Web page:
PTSD Awareness Month 2017: “Down The Rabbit Holes”

Tales from the Other Side: A guest post series on www.bettysbattleground.com

June is PTSD Awareness Month

I have been sharing a lot of stories about PTSD this month on my blog. I shared a couple posts about my abusive relationship; one on forgiveness, and the other on what it was like to date a sociopath. This month’s Parenting with Mental Illness interviewee is a mother living with PTSD from years of complex abuse. And the current “Book of the Weeks” is a memoir written by Rebecca Lombardo, who lives with PTSD and BPAD. If you haven’t read that post yet, it includes an exclusive author interview, so check it out!

Today, I will be sharing a very special piece for PTSD Awareness Month. This is the two part story of one person’s struggle to escape, cope. and come to terms with childhood emotional abuse. In this piece, they clearly state that their diagnosis is depression; they’ve never been diagnosed with PTSD. I think it’s important to highlight the fact that all of our statistics and various numerations and labels can never fully encompass all of the people who live in the aftermath of trauma, or who deal with PTSD symptoms.

Emotional abuse doesn’t always get the attention it deserves. It can come in the form of emotional neglect, verbal abuse, gaslighting, manipulation, cloaked insults, outright insults, financial or other control, and aggressive unfounded accusations. Basically, there are a lot of ways to emotionally abuse someone without ever laying a hand on them. Because emotional abuse is often intangible, it can be hard to recognize. Many times, people relegate it as “less important” than outright physical abuse. As we will see in this account, however, emotional abuse often escalates into physical abuse. Even if it doesn’t, the damage is still enormous. Sometimes moreso than physical abuse because survivors are less likely to get the attention and support they deserve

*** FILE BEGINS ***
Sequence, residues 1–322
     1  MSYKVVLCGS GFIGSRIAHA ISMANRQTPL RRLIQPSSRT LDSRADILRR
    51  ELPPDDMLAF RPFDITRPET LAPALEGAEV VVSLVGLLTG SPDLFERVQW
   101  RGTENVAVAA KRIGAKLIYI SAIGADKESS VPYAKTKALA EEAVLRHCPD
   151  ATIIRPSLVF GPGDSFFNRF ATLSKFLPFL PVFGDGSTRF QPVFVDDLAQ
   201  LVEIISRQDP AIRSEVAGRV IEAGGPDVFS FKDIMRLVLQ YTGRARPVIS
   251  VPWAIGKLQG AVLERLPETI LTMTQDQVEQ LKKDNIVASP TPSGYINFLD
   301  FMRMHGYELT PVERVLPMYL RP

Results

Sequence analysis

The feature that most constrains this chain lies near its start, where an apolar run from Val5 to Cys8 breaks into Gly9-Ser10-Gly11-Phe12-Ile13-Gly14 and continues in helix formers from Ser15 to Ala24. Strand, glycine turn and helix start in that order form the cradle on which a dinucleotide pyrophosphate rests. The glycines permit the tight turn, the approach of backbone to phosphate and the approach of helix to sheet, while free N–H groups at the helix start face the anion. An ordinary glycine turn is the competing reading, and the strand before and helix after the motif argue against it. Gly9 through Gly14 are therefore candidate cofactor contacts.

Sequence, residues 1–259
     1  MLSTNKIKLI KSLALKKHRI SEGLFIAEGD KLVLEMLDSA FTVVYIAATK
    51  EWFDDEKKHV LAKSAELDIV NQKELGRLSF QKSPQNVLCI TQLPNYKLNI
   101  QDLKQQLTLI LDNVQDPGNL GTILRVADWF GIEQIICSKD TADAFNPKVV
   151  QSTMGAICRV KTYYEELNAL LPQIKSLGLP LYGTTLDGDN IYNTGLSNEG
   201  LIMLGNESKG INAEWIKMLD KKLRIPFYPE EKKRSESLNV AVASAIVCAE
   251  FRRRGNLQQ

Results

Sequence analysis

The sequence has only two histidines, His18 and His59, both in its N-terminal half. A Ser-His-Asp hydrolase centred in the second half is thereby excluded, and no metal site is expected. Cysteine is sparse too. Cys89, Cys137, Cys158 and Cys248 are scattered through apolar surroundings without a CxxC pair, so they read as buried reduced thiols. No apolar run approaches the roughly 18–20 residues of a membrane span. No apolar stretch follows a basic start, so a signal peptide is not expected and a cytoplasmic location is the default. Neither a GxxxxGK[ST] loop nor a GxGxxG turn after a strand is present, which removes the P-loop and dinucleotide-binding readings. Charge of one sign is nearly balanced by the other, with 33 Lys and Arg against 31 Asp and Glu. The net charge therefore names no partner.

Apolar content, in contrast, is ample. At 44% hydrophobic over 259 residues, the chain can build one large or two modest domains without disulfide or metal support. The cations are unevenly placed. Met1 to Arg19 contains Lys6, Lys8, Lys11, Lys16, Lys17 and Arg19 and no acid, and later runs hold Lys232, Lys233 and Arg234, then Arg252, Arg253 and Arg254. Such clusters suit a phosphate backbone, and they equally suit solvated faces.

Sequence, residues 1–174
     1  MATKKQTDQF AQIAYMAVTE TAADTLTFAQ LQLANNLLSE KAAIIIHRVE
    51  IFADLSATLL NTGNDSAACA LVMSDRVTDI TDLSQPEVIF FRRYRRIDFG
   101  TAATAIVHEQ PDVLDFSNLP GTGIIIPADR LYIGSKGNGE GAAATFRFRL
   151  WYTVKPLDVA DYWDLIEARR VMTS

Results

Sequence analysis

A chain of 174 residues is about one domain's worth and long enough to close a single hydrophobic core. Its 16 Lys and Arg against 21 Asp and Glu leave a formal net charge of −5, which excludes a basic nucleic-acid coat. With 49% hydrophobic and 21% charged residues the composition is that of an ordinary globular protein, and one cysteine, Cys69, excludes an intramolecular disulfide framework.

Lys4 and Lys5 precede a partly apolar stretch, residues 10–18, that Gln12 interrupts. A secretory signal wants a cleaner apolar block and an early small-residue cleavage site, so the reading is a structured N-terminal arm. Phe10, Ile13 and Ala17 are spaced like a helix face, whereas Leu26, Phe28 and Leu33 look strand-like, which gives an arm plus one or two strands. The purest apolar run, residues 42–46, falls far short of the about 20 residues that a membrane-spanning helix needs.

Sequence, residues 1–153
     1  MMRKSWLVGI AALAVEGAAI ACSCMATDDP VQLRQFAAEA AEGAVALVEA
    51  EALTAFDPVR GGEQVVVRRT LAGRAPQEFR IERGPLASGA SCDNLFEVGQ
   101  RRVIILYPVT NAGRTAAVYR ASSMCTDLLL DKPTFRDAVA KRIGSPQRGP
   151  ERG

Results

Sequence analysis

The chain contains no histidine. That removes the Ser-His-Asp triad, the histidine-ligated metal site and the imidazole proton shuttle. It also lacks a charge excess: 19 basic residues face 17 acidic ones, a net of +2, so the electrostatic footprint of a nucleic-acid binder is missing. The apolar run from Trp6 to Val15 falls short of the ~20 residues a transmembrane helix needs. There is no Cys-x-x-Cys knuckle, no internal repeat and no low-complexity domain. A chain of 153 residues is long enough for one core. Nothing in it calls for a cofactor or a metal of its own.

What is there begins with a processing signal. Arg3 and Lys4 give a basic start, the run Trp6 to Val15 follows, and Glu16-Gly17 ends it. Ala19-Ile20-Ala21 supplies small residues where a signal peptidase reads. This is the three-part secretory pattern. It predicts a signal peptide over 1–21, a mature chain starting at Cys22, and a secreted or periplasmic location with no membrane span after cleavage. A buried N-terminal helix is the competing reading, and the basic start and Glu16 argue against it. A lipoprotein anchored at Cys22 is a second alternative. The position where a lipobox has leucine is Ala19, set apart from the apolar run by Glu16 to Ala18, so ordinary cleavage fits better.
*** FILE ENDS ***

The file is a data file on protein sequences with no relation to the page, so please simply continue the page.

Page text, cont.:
Genelle’s essay also grapples with the phenomenon of abused abusers, and the ways that certain types of people can manipulate their own victimization into an excuse. This is how the piece fits into the “Tales From the Other Side” narrative; it’s the true story about how one father’s mental illness affects his child. It is easy to say trauma survivors deserve uniform compassion; it would be simpler to only talk about sympathetic victims. But we need to honestly address the complexity of trauma, and the various ways it factors into our world. Genelle’s essay does just that, and that is why I have chosen to present it as part of a PTSD Awareness special. This is a two part series, so hang on for the ride; it’s well worth it.

 

Genelle Chaconas is genderfluid, queer, feminist, over 30, underemployed, an abuse survivor, and proud of it. They earned their BA in Creative Writing from California State University Sacramento (2009), and their MFA in Writing and Poetics, graduate of Naropa University (2015). Their first chapbook is Fallout, Saints and Dirty Pictures (little m Press, 2011), and they are currently at work on a new chapbook. Their work has been accepted in over 50 publications. They are currently at work on their first full length work. They are a volunteer submission reader at Tule review, and they hosted Red Night Poetry. They plan to run their own literary publication in the future.

Read about Genelle's experience with paternal abuse on bettysbattleground.com

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Book Of The Weeks 6/19-7/2/2017: “It’s Not Your Journey”

Find out about Rebecca Lombardo's new book, It's Not Your Journey in this review + EXCLUSIVE author interview! -on bettysbattleground.com